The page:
Fears for local jobs as BHP plans offshore steel work
The Australian Manufacturing Workers’ Union State secretary fears BHP Billiton’s plans to send structural steel work offshore will have a detrimental effect on Kwinana’s manufacturing industry.
Steve McCartney has written to BHP Billiton chief executive Andrew Mackenzie seeking answers about the company’s plans to send 24,000 tonnes of steel work overseas as part of its upgrades to the South Flank iron ore project.
Mr McCartney said past work in the industry indicated such an amount of steel fabrication being sent overseas would equate to about 2000 manufacturing jobs being lost to WA, including jobs that would have filtered to manufacturing in Kwinana.
“Sending steel offshore for a cheaper manufacturing rate would betray local workers and encourage a new mining tax levied on (BHP) operations,” he said.
“In the Premier’s first speech to the WA mining industry he declared that the State Government would demand jobs for West Australians from industry in place of a mining tax.
“WA has a world-class manufacturing industry and the capacity to handle advanced steel fabrication.”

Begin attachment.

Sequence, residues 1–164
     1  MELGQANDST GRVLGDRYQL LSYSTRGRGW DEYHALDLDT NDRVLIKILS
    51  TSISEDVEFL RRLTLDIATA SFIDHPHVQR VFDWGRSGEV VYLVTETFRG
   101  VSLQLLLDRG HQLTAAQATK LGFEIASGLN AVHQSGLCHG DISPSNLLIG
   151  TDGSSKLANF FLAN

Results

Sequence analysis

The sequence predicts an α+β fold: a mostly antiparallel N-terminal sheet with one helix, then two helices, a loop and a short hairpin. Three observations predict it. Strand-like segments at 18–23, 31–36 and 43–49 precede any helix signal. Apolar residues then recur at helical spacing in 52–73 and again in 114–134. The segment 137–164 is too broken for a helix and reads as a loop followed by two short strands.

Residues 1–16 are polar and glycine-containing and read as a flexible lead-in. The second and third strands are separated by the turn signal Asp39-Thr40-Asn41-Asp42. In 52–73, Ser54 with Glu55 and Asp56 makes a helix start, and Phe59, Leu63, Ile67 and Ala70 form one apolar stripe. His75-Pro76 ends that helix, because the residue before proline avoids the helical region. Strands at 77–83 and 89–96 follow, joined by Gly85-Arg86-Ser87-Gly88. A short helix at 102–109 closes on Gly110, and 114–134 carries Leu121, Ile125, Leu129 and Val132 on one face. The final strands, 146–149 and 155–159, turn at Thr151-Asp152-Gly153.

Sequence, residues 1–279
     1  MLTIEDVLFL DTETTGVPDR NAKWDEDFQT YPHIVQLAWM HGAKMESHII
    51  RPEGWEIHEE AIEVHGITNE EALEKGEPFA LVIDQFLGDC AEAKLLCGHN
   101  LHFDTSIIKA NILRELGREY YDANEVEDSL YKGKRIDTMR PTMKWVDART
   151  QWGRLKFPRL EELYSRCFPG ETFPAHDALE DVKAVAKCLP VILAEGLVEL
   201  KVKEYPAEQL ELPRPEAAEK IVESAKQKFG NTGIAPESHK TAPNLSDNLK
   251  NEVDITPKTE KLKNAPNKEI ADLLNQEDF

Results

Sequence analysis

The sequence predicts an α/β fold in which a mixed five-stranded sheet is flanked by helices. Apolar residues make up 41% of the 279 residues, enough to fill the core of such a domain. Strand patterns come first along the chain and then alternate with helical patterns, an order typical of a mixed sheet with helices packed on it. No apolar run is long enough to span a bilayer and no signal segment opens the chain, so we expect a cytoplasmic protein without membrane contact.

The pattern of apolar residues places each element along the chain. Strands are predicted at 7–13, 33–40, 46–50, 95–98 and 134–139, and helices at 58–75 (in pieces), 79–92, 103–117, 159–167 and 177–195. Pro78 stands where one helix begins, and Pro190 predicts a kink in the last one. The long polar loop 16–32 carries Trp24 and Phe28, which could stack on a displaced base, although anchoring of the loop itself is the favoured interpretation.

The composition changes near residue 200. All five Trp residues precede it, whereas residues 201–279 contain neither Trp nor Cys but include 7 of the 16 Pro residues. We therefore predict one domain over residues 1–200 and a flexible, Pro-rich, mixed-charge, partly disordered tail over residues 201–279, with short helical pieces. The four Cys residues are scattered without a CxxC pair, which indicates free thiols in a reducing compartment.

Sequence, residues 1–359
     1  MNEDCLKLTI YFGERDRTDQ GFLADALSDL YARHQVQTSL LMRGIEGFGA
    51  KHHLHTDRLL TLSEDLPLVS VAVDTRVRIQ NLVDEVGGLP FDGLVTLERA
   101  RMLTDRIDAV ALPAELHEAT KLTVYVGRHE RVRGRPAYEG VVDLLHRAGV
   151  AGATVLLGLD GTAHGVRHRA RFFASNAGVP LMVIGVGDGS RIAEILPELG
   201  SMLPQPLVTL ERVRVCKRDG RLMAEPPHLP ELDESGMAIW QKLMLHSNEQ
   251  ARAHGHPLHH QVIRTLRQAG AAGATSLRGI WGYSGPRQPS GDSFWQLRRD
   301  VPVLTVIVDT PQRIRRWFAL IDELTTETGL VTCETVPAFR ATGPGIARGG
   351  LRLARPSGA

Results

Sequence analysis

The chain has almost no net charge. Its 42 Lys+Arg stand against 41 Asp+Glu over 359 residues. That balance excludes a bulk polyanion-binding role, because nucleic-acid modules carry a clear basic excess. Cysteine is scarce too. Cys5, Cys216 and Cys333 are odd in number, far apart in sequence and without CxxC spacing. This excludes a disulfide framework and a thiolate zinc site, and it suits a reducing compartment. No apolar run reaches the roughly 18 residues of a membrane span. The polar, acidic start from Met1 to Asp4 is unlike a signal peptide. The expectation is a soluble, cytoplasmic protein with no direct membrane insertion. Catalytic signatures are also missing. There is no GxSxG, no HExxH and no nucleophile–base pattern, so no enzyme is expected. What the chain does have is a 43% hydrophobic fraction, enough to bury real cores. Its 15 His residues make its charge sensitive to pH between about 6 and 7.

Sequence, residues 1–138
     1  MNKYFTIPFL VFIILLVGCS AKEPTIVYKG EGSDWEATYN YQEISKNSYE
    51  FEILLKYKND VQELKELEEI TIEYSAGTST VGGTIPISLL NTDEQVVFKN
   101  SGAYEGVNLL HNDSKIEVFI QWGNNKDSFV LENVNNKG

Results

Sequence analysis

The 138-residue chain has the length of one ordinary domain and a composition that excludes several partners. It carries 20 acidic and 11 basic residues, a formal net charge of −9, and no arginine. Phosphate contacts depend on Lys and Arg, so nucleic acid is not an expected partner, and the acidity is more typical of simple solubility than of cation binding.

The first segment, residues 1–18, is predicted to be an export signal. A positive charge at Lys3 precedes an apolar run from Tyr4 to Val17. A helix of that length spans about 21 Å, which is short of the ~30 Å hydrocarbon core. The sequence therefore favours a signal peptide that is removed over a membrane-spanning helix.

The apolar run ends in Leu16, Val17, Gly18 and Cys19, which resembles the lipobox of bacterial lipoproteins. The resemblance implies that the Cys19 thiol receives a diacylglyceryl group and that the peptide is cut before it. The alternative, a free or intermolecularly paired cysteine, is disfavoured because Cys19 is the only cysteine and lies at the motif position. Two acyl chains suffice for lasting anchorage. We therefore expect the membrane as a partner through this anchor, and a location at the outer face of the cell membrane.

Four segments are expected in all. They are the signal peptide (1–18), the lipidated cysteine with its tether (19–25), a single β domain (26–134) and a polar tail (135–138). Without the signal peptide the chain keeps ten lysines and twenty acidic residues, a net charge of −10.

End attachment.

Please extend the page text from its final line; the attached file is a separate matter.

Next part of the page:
Mr McCartney pointed to the recently opened Matagarup Bridge — built in WA by West Australian workers — as an example of the industry’s ability, and said suburbs close to leading steel fabrication and engineering hubs had some of the highest youth unemployment rates in the country.
“Why are (BHP) not supporting upstream and downstream manufacturing and training opportunities for WA’s young people,” he said.
“BHP profits from a valuable resource that belongs to all West Australians. The trade-off for extracting this one-off resource is local jobs and infrastructure spending in WA. BHP has ignored the Premier’s demands to put WA workers and WA jobs first.”
BHP said in response that the $4.7 billion mine project would create about 2500 jobs during construction and 600 ongoing operational roles. South Flank will replace the Yandi mine, which is set to be de-commissioned, and is set to open in 2021.
Despite AMWU’s fears, WA Treasurer Ben Wyatt has welcomed the project and called it a vote of confidence in WA’s longterm economy.
He said it should give West Australians confidence in the value of the mining industry.
AMWU State secretary Steve McCartney in Kwinana.
WA Treasurer Ben Wyatt.